April 16, 2015

    JR, you say “Virtually everyone understands basic empathy”, but you don’t appear to, since empathy is experienced, not understood.

    Assume that a person is a perfect empath– that is, she feels the pain of another person exactly as the person does. Now, she causes this person to feel pain, in service of her own pleasure, which means the motivation of the pleasure outweighs the negative motivation of her (derived) pain.

    Is this a ‘moral’ act, in your system of near-universal, ‘objective’ morality?

  3. #3 Richard Wein
    April 16, 2015

    Jason: “It’s not simply that there is large-scale agreement on basic moral principles, it’s that we feel these principles instinctively and recoil from anyone who demurs…. Why is that not a reason for feeling confident that there are objective moral truths, just as surely as a scientific consensus makes us confident that there are objective physical truths?”

    This seems to be merely an appeal to instinctive intuitions. I’m sure that many people have just such an instinctive intuition that God exists, and at times in the past that intuition was probably as universal as the intuition of moral truth, or nearly so. That should give you pause for thought in leaning so hard on instinctive intuitions. Where’s your usual skepticism?

    It’s not scientific consensus per se that makes us confident in our ability to form objective beliefs about the physical world. It’s more generally our experience of successfully interacting with our environment, starting with our ordinary everyday interactions. Science is a more methodical and precise extension of this ordinary interaction. There is no such successful interaction in the case of moral truths. We have no evidence for the truth of moral beliefs, beyond our intuitive feelings that they’re true. And those intuitive feelings can be better explained as being the result of non-truth-tracking (evolutionary and social) processes than as the result of truth-tracking processes. Ordinary descriptive discourse is in the business of modelling reality, or at least it’s rooted in the modelling of reality. Our beliefs about our environment need to be broadly truth-tracking to be useful. False beliefs tend to result in much less successful interactions with our environment. Moral discourse is in a quite different business: motivating behaviour. And for that purpose it has no need to be truth-tracking. A belief that murder is morally wrong will be equally effective at discouraging murder irrespective of whether it’s true or false. Your analogy of moral truth with physical truth is a misguided one.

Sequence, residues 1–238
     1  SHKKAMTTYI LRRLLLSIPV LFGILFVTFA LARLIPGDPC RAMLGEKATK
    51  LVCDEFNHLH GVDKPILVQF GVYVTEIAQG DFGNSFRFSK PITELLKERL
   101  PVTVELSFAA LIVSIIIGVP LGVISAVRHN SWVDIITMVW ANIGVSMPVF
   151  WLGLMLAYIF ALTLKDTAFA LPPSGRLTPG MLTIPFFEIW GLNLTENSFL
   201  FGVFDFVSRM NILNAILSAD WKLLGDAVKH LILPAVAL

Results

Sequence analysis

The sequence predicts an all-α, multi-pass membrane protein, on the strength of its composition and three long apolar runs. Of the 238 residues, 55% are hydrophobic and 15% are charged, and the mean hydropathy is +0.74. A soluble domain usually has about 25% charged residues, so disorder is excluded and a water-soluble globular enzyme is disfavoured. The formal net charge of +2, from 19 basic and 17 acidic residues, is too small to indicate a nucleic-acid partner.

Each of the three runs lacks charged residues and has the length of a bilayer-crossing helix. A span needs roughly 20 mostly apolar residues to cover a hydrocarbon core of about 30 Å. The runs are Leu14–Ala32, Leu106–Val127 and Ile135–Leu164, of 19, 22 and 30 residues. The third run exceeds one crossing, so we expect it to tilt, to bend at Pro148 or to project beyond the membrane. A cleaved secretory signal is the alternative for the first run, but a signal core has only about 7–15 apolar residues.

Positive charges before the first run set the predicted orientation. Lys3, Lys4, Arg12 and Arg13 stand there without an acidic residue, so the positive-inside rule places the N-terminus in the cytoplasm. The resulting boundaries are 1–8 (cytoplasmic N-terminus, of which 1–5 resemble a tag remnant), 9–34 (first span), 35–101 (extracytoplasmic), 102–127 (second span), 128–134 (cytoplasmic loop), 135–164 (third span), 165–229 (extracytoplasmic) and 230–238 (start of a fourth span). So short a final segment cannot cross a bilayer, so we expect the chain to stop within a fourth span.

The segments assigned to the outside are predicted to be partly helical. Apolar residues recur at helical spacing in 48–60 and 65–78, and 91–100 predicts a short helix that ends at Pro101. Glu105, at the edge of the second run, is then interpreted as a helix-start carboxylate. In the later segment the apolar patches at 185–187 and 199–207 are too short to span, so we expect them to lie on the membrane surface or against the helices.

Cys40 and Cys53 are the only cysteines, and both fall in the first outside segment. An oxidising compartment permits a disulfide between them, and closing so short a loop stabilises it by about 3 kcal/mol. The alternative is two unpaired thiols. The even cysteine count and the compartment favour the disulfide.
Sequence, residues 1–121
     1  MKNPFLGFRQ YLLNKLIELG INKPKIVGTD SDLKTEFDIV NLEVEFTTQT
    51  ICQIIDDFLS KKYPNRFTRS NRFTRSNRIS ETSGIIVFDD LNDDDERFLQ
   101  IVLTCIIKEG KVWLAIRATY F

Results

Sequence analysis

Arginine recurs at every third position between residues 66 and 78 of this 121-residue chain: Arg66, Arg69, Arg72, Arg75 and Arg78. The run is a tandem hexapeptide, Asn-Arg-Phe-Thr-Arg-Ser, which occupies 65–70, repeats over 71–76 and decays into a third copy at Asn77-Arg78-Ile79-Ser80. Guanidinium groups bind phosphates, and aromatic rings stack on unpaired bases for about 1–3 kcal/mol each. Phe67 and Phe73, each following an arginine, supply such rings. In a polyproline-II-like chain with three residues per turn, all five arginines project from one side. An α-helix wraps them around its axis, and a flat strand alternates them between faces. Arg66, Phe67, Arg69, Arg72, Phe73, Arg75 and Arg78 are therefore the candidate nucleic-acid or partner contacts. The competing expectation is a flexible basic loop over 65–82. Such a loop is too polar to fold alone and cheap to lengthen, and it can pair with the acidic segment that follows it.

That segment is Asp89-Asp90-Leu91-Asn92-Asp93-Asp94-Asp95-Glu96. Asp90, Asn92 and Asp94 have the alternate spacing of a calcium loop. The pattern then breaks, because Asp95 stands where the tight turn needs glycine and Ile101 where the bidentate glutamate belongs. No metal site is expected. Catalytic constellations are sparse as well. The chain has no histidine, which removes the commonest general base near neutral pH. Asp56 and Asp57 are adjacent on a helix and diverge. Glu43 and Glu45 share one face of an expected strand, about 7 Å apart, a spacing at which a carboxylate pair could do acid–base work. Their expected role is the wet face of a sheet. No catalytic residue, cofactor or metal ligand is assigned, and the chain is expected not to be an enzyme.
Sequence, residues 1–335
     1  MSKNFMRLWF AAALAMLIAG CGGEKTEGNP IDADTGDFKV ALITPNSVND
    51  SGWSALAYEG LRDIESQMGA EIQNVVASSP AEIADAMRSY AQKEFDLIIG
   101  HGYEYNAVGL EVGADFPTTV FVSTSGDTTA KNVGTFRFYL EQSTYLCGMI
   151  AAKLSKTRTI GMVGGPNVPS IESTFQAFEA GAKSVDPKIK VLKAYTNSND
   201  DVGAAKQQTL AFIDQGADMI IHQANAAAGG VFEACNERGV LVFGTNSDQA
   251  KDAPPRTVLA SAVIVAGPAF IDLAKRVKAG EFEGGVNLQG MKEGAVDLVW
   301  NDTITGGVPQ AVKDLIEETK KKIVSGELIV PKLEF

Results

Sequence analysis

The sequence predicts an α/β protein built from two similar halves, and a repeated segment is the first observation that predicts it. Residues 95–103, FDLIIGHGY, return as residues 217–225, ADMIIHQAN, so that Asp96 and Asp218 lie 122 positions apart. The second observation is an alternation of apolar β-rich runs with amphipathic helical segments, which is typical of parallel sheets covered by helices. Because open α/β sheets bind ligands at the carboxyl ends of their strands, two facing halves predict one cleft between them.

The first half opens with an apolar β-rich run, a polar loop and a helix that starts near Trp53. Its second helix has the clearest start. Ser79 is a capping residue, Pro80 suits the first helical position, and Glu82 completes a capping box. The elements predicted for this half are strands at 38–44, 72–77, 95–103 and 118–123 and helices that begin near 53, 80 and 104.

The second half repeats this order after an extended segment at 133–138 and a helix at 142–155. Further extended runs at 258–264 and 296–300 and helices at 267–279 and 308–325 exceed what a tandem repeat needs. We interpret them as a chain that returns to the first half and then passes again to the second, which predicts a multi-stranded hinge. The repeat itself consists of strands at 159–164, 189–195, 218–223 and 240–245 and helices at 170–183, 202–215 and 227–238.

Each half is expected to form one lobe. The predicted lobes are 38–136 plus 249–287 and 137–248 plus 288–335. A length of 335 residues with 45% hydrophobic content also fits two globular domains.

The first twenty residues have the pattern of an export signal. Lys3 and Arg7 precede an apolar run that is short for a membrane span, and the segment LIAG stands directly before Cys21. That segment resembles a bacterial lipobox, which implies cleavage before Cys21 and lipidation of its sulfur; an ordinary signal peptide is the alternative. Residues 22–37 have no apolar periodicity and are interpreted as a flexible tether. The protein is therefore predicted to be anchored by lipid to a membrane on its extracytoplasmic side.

This is the beginning of an argument against moral realism. But my main goal here is only to cast doubt on misguided arguments for moral realism, not to argue for the contrary view. Perhaps, though, it will make some people a little more open to the contrary view.

  4. #4 Sean T
    April 16, 2015

    Richard,

    Your analogy is flawed. There is not now, nor was there ever a near-universal, instinctive belief in God. It may be true that there at times has been a near-universal belief in God in some places and during some time periods (Medieval Europe, for example), but that ignores the fact that there is no such belief among most of the world’s population. There are millions of Buddhists, for instance, who really are atheists – Buddha is not worshipped as a God in Buddhism, but rather is revered as a wise teacher. Certainly Hindus would not have an instinctive belief in a SINGLE God; Hinduism is polytheistic.